Wed, 2017-09-20 01:37

As we recently learned, much of our planet's supply of drinking water is infested with plastic microfibers. Single-use plastic items like shopping bags and drinking straws are some of the culprits.

To combat the impact of discarded plastic bags on the environment, an Indonesian company called Avani has created a single-use bag you'd swear was plastic—but which is in fact made of Cassava (Yucca), an edible root.

These Bio-Cassava Bags contain zero actual plastic and are made from Cassava starch using a proprietary process. Being 100% bio-based, the bags will break down in a matter of months but, should they find their way into a waterway before then, they're completely safe for animals to consumer, unlike plastic.

Here Cassava founder Kevin Kamala puts his money where his mouth is, literally, by dissolving one of the company's bags in water and drinking it:

The current barrier to mass uptake is that the production process makes Bio-Cassava bags cost twice as much as regular plastic bags. With any luck Avani will be able to draw the interest of additional materials scientists and production experts who can figure out a way to bring the cost down.

Design Job: Are You in It to Win It? Battle Sports is Seeking a Sport-Focused Product Designer in Omaha, NE

Wed, 2017-09-20 01:37

Battle Sports otherwise known as "Battle" is the fastest growing football brand in the US. As such, we are looking to add a talented product designer to our team. We are also open to project work if the fit is right. Obviously project work would not require relocation. We are a young, well funded, aggressive team with demonstrated commercial success. Our products are sold in every major sporting goods retailer and online. Business is projected to double for the third year in a row and we are only limited by the talent on the team.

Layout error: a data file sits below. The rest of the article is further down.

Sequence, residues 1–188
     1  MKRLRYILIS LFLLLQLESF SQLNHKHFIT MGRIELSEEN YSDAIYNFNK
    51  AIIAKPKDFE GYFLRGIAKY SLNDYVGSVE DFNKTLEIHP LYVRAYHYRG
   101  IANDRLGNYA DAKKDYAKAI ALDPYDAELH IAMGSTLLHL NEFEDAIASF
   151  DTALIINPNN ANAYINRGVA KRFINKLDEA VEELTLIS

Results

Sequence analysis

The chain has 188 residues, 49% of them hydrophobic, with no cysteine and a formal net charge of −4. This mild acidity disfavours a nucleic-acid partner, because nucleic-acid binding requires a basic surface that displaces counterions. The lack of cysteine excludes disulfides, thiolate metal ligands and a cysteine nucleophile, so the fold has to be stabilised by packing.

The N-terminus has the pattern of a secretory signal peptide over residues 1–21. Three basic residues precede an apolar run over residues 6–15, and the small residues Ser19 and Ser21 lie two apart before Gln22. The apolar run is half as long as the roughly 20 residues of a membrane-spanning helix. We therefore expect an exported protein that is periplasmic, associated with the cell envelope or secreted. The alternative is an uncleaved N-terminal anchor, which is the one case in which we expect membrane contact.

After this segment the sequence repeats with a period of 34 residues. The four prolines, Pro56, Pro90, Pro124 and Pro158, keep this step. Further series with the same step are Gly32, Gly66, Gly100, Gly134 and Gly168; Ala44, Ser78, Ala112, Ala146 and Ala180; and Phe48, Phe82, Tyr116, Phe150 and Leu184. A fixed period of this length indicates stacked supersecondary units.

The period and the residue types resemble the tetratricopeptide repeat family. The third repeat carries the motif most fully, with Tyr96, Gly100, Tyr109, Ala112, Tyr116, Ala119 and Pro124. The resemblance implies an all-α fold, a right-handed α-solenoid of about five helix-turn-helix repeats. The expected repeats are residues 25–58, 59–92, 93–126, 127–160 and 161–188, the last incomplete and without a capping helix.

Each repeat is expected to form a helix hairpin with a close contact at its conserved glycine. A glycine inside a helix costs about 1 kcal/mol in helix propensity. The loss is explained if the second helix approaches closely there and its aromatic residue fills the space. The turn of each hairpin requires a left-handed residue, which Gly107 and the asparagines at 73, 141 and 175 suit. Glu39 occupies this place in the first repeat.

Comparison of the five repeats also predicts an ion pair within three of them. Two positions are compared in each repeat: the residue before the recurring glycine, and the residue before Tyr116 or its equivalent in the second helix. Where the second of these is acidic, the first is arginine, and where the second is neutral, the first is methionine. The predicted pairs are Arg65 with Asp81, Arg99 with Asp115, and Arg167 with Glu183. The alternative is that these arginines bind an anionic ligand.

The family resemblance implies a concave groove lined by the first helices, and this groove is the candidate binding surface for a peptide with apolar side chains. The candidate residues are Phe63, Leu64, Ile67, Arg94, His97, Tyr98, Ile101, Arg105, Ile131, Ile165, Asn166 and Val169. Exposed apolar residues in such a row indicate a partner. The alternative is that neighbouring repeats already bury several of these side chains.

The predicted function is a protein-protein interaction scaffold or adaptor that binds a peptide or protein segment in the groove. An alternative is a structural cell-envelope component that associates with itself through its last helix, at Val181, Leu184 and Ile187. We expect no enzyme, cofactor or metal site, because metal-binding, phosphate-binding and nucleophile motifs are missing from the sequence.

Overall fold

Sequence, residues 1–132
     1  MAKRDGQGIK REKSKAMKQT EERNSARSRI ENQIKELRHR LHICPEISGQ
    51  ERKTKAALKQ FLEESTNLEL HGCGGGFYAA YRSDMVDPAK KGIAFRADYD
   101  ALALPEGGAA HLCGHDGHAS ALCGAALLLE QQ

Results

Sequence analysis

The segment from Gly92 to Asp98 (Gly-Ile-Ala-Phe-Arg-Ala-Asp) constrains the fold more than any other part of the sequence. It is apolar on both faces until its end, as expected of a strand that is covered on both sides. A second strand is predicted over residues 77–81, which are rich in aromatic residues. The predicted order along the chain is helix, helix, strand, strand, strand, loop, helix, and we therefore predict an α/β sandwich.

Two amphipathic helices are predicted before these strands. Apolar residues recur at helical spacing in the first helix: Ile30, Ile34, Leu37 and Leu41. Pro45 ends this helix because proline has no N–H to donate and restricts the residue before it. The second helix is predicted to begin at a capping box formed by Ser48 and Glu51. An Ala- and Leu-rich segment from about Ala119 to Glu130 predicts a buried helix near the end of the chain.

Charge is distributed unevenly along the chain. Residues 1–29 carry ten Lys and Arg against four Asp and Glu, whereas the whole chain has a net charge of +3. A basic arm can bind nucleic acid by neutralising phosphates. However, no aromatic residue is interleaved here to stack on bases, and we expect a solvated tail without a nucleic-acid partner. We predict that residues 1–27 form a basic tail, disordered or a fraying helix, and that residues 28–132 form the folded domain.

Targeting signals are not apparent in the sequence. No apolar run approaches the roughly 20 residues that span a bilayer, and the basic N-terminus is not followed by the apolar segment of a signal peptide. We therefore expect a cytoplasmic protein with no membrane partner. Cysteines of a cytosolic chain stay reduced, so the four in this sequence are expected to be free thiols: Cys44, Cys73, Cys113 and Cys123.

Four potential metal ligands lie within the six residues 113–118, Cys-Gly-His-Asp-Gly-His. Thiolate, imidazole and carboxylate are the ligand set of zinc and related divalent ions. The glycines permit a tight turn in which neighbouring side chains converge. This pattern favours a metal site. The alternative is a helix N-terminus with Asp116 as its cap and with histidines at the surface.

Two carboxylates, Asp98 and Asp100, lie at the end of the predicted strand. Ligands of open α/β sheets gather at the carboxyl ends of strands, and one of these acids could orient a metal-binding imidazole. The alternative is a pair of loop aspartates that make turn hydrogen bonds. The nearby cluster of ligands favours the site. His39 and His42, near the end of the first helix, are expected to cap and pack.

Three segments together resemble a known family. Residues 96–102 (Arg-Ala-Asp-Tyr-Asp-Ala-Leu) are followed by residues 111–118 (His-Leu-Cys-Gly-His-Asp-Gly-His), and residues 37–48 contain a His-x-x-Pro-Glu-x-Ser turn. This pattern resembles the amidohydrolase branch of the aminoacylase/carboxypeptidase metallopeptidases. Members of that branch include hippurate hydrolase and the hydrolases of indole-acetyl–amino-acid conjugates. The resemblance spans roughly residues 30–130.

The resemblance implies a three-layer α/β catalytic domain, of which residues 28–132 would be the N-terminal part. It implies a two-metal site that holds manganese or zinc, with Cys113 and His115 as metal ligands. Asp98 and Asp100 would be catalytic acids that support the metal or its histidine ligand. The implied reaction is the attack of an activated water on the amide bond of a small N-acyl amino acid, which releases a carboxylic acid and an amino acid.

View the full design job here

Where to Surround Yourself with Beautiful Design During London Design Festival

Wed, 2017-09-20 01:37

The London Design Festival kicks off this weekend, bringing hundreds of design events to the city of London with it. The difficulty of narrowing down your schedule goes without saying, especially when each exhibition has so much to offer. That's where we're here to help—we've created this insider's guide full of our favorite exhibits, workshops, launches and events to help as you navigate your way through the maze of well-designed things.

Material of the Year

This new exhibition was created to celebrate and explore the materials with the biggest impact on global design today. The first selected material? Jesmonite®!

Design Frontiers 

Design Frontiers will highlight the thinking and working practices of 30 leading designers from around the world, ranging in fields from automotive design to fashion design. A highlight of the exhibition will be the launch of nolii, a lifestyle-led tech brand co-founded by LAYER's Benjamin Hubert and tech entrepreneur Asad Hamir.

Plan your visit to Somerset House here

Enlightened Design II

Held in The Crypt Gallery of St Pancras Parish Church, Enlightened Design II will feature lighting designs by various Dutch designers that light the way as you walk through the spooky halls of the old church. The name of the exhibition is almost ironic.